In the spring of 1957, when he signed with Bob Weinstock's Prestige Records, John Coltrane was still a relative newcomer to the national jazz scene. He wasn't, at age 30, a youngster by any means, and he had already been playing professionally for more than a dozen years, but most of that had been as a sideman and he was known primarily to insiders. Most recently, since 1955, he'd worked for Miles Davis, who had first recognized Coltrane's potential in the late '40s. Coltrane's blowing with Davis' quintet was often brilliant, sometimes spotty, promising overall, but the saxophonist's heroin habit was getting the better of him and Davis cut him loose a number of times before finally disbanding the group in 1957. Weinstock was well familiar with Coltrane's growing reputation and had used him as a sideman at the label. When he gave him a contract as a leader, he could not have known, of course, that he was setting off one of the most monumentally influential careers jazz would ever know. At Prestige, Coltrane, now cleaned up from drugs, was ridiculously prolific, taking part in some 27 sessions in all during 1957 and 1958, the entirety of which, 125 tracks, can be heard on the 16-disc box set The Prestige Recordings. This six-disc set seems almost minimal in comparison, eschewing Coltrane's sideman work at Prestige to concentrate on his role as frontman. But by focusing on Coltrane as an increasingly creative, at times explosive, groundbreaking force, this "compact" set is, in its own way, the more potent of the two. And Fearless Leader is an appropriate title: Coltrane was by nature unafraid to take chances, eager to dare himself and his musicians to go places jazz had yet to travel. He wasn't quite up to running speed yet at Prestige, but he was well on his way to figuring out that the possibilities were boundless.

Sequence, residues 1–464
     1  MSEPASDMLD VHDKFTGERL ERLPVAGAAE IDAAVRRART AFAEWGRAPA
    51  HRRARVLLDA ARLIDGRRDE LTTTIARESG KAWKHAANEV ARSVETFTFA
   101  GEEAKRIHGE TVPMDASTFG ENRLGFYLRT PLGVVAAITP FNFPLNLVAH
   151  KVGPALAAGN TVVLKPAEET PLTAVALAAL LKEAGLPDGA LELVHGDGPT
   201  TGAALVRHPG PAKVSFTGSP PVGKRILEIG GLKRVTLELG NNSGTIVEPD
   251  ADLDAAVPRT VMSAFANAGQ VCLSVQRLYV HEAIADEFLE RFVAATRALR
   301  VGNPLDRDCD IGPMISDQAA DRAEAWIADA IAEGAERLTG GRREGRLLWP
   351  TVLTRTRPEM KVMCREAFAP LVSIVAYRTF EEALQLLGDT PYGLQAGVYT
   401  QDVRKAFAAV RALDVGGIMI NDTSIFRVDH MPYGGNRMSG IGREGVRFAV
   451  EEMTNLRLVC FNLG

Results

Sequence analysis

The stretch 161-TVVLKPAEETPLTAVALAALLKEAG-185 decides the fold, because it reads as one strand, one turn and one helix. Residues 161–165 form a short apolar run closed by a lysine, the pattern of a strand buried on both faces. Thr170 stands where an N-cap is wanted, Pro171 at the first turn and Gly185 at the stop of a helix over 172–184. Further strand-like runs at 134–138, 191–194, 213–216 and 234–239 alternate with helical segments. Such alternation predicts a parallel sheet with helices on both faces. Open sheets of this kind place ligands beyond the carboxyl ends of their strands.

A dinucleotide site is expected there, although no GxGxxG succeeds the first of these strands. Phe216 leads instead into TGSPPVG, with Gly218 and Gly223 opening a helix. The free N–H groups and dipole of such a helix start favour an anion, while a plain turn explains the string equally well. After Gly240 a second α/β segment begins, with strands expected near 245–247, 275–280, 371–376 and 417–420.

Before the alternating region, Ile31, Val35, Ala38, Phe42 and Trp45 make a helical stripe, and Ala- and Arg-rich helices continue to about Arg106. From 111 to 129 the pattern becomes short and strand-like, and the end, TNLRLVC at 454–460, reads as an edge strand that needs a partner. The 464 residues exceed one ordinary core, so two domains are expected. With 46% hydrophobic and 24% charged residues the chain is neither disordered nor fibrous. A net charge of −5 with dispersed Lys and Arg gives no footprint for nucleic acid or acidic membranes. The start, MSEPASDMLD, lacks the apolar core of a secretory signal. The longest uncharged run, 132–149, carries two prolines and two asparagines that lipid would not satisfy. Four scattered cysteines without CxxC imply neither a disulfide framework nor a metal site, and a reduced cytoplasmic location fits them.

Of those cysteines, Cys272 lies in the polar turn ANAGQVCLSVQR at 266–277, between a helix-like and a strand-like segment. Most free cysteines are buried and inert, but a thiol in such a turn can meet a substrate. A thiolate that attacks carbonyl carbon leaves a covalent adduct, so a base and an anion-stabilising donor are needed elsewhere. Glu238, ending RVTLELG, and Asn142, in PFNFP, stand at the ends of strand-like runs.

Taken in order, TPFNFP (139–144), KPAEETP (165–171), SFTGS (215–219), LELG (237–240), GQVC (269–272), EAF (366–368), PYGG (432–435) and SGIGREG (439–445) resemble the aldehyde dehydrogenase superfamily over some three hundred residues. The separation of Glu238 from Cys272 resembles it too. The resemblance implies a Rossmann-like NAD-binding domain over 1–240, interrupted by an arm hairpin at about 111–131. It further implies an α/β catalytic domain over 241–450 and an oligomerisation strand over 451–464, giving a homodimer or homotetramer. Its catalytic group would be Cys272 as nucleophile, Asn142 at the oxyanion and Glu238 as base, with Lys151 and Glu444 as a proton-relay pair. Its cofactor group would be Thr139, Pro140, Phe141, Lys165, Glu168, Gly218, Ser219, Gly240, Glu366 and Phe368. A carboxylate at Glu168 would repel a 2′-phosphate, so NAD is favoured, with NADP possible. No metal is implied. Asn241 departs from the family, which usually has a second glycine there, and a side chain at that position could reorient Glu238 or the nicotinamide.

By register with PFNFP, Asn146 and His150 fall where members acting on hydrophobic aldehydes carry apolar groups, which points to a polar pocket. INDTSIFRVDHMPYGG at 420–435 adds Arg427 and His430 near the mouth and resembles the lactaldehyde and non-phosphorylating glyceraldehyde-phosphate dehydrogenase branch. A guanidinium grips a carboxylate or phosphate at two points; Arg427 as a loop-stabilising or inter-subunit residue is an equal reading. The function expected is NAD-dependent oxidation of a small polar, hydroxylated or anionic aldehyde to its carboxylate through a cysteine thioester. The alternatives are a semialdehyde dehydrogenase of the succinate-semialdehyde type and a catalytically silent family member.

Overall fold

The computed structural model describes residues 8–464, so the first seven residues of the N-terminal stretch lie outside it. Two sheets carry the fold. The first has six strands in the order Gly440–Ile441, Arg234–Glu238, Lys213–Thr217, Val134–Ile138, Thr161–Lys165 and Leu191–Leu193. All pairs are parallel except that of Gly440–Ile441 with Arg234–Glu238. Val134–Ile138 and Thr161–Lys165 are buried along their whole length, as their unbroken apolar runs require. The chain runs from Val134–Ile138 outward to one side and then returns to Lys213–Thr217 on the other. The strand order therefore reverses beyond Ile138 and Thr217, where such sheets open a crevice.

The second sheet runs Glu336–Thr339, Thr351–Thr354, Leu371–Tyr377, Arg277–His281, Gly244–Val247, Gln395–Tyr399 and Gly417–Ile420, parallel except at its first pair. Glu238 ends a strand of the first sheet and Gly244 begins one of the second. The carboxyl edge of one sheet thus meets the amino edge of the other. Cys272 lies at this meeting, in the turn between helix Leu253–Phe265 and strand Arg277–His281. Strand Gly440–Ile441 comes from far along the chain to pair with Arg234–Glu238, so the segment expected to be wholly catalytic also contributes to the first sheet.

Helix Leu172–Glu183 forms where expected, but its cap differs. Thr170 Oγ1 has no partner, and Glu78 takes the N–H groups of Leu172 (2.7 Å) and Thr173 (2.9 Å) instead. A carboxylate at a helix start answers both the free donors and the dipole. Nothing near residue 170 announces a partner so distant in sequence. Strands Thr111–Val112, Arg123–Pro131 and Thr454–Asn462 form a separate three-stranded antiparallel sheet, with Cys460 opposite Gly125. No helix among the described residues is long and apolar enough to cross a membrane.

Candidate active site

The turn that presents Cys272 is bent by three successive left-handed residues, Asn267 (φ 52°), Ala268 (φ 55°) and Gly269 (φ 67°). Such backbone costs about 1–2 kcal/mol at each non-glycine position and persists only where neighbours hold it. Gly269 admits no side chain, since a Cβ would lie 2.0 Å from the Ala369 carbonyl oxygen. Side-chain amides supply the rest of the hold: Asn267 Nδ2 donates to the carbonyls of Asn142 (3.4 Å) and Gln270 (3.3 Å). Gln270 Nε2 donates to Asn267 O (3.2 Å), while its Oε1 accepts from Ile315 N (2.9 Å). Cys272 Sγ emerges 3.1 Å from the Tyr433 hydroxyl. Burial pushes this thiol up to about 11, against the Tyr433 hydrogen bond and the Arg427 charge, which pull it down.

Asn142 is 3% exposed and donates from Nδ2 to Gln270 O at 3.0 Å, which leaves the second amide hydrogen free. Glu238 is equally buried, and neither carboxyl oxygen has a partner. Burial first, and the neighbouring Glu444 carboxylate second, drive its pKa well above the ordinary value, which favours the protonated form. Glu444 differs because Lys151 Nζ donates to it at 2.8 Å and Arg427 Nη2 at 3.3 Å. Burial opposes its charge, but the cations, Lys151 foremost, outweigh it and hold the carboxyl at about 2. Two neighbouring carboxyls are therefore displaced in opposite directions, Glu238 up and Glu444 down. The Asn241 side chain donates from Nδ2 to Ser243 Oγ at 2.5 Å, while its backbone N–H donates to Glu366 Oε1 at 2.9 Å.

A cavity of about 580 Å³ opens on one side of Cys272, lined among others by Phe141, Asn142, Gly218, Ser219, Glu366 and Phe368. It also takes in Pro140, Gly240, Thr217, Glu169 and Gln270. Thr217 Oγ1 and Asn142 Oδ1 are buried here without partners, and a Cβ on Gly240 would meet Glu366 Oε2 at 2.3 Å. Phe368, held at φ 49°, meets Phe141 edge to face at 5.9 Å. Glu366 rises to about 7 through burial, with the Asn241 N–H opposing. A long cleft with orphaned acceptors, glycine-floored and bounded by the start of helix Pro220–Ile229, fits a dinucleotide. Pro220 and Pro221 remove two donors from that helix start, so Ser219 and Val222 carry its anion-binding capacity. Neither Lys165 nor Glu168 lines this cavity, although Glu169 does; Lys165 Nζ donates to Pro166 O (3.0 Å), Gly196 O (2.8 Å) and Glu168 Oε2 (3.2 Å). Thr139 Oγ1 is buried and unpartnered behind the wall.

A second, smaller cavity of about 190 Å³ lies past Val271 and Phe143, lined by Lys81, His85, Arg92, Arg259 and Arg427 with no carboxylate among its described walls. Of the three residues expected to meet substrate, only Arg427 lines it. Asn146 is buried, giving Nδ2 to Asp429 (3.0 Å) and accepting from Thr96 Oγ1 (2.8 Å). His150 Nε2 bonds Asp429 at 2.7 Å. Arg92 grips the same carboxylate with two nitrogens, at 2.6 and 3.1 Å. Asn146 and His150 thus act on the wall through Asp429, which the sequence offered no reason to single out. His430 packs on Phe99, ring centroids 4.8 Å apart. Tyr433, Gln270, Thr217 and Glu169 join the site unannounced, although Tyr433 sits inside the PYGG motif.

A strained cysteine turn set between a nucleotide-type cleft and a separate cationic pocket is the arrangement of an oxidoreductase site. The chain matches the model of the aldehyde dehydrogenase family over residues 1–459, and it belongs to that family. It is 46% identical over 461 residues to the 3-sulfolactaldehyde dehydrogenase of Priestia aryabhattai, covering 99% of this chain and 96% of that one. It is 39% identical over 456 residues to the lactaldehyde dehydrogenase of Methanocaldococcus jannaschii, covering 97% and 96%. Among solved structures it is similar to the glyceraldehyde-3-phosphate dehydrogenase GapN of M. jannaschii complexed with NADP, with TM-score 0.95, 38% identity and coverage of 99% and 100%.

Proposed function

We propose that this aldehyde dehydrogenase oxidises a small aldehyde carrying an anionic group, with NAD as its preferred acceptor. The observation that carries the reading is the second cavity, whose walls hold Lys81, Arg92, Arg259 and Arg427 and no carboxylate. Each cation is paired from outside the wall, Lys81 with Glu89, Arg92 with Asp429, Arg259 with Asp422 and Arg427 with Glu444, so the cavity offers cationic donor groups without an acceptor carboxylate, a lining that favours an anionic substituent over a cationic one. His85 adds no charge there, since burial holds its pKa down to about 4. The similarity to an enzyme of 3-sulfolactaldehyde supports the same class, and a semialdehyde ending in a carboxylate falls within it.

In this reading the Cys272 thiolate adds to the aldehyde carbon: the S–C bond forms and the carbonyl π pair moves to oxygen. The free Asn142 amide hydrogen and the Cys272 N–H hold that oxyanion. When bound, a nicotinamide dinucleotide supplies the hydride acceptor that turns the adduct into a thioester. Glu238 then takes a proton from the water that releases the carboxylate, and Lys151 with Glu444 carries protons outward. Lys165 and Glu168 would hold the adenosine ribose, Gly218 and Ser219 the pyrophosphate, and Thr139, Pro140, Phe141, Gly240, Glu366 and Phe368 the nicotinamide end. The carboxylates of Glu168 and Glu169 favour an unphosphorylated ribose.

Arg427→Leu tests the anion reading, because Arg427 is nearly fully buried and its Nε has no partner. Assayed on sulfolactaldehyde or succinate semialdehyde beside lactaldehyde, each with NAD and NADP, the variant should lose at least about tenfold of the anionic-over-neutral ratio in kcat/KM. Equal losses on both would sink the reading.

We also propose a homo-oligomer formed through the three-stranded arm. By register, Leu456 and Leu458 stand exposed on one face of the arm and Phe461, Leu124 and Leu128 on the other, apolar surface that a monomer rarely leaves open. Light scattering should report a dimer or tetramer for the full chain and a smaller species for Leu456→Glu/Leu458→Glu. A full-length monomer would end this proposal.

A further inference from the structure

While some of the Prestige recordings might seem almost tame and mainstream in comparison to the music Coltrane would later cut for Atlantic and Impulse!, that's really only in retrospect: seen in the context of its time, the sessions that Coltrane cut at Prestige -- released originally on such albums as Coltrane, Traneing In, The Believer, Soultrane, and the stunning ballads/standards set Lush Life, on which Coltrane plays it relatively straight, displaying a debt to Charlie Parker that would dissipate as he proceeded to probe worlds Bird never dreamed of -- raised the bar higher than it had ever been at the time. As Fearless Leader is arranged by session and does not attempt to replicate the original albums' running orders, however, those earlier contexts cease to exist and listeners are left to experience the music as Coltrane -- working at Prestige mainly with such peers as pianist Red Garland, bassist Paul Chambers, drummers Art Taylor and Louis Hayes, and trumpeters Donald Byrd and Freddie Hubbard -- cut it, chronologically. Whatever tentativeness he was still feeling early in the relationship slowly gives way, and by the end of Coltrane's tenure at the label, his signature aggressive probing is in full swing, notably on tracks such as "Bahia" and "Goldsboro Express," from his December 1958 session, and a breakneck "Lover Come Back to Me" from earlier that year. Although he was still capable of playing it straight and unadorned -- his blues and romantic ballads are uniformly moving and elegantly laid out -- and Coltrane's Prestige era was a transitional one to be sure, Fearless Leader makes clear that the roots of his genius were already firmly planted.